I love the disciples. I see so much of myself in them. They are just so human. Remember that Christ had been crucified, buried, risen, and had appeared to the disciples resurrected. They had witnessed the risen son of God, and what did they do? They went fishing.
Imagine if you had experienced all the disciples had experienced. Imagine if you had spent years at Christ’s side witnessing his miracles and hearing his teachings. Imagine if you had seen him crucified and buried only to see the risen and resurrected Lord three days later…. Now imagine what it must have been like going back to work after all that. I’d imagine it would probably take a great deal of time to process everything that these men had just gone through, so I guess fishing seemed like as good a use of time as anything.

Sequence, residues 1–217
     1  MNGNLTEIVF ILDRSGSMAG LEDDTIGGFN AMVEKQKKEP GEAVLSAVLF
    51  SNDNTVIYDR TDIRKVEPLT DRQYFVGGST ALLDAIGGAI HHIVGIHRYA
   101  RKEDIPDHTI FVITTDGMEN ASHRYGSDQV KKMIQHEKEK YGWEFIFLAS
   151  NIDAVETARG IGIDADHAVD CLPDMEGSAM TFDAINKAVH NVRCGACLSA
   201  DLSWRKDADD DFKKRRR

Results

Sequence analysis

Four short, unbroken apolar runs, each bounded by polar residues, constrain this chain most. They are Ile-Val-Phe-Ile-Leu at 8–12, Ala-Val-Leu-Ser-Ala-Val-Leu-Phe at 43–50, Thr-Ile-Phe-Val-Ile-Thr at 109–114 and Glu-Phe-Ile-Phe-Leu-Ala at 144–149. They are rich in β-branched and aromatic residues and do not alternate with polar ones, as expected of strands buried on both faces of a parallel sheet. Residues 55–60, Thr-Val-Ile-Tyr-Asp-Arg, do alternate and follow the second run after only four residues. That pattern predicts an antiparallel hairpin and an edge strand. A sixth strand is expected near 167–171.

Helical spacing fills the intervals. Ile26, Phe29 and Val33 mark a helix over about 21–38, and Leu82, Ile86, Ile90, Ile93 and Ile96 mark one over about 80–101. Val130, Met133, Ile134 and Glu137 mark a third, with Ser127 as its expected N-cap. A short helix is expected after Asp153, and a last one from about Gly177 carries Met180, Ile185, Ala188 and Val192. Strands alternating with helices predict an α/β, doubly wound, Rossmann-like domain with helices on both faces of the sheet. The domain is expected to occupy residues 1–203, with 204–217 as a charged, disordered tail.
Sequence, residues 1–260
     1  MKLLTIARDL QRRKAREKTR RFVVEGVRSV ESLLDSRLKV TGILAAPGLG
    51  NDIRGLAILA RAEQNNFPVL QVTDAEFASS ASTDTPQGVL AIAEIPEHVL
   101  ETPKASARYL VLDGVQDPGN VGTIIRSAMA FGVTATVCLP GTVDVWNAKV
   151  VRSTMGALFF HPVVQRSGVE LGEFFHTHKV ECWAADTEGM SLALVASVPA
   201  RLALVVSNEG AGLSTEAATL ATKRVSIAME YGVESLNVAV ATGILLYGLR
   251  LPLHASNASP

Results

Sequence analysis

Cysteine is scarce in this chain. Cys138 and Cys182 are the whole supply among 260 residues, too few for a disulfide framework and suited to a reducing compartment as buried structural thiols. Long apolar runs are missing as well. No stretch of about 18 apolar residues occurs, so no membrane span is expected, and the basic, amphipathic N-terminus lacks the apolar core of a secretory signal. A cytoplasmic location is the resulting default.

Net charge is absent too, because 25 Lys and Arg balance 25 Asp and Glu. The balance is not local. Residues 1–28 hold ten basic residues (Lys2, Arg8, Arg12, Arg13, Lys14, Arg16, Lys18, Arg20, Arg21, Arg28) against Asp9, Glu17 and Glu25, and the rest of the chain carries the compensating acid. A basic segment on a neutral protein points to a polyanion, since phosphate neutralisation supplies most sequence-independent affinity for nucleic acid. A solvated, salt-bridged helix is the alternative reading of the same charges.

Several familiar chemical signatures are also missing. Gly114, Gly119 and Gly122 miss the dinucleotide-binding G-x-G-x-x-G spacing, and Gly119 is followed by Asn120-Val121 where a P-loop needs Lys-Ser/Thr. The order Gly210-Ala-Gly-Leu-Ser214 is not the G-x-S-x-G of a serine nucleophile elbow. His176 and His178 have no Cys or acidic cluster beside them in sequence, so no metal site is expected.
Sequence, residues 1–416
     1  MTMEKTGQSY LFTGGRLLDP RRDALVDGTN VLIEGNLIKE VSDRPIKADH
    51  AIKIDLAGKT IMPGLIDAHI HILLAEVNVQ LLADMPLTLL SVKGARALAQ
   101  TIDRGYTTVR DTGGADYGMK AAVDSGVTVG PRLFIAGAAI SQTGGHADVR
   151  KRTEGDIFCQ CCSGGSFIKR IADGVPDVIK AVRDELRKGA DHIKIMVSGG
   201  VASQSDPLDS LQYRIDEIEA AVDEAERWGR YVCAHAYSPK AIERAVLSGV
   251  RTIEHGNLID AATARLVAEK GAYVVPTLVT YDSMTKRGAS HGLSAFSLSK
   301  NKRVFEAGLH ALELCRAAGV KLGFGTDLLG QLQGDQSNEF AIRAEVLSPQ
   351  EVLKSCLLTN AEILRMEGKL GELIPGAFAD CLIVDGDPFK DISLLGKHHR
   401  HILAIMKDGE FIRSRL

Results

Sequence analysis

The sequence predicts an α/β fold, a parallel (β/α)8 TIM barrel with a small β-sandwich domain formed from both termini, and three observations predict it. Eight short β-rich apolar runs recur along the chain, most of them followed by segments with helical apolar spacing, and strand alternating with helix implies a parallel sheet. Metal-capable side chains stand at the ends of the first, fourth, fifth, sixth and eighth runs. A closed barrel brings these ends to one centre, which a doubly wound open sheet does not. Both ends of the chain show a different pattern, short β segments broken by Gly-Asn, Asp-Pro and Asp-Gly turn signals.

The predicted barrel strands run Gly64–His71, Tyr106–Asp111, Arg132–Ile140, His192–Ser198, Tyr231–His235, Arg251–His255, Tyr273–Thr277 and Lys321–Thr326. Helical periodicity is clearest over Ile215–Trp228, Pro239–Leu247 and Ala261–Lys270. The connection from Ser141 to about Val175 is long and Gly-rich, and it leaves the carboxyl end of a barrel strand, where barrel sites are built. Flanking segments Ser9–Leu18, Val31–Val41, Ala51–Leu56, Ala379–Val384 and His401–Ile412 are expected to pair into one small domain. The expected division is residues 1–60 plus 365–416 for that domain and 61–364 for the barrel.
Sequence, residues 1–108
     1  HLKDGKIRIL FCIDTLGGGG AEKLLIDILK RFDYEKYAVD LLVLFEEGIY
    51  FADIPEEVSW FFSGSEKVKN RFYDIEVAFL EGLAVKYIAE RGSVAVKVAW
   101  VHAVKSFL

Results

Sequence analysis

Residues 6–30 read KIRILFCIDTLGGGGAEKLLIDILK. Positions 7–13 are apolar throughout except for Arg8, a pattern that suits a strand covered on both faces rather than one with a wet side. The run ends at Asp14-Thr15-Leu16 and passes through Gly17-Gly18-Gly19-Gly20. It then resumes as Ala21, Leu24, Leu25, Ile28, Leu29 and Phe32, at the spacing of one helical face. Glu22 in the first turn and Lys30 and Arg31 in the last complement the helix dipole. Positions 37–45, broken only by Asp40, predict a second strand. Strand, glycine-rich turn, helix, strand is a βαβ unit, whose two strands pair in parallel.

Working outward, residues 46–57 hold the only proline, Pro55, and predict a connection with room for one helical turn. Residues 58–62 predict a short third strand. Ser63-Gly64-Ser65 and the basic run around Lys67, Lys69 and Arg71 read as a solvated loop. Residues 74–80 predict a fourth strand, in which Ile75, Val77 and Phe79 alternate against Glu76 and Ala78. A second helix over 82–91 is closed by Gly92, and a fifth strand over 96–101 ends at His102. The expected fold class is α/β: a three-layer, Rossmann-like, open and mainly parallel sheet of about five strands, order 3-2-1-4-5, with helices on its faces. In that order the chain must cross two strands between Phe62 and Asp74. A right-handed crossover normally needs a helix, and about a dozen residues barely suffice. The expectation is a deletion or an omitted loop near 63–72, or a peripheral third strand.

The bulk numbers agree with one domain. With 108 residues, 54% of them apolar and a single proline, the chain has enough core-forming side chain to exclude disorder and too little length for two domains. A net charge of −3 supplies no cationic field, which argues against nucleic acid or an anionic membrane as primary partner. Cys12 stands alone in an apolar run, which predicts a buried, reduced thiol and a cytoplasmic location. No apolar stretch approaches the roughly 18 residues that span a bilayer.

Early in the morning, Jesus stood on the shore, but the disciples did not realize that it was Jesus.
He called out to them, “Friends, haven’t you any fish?”
“No,” they answered.
He said, “Throw your net on the right side of the boat and you will find some.” When they did, they were unable to haul the net in because of the large number of fish.
Then the disciple whom Jesus loved said to Peter, “It is the Lord!” As soon as Simon Peter heard him say, “It is the Lord,” he wrapped his outer garment around him (for he had taken it off) and jumped into the water. The other disciples followed in the boat, towing the net full of fish, for they were not far from shore, about a hundred yards.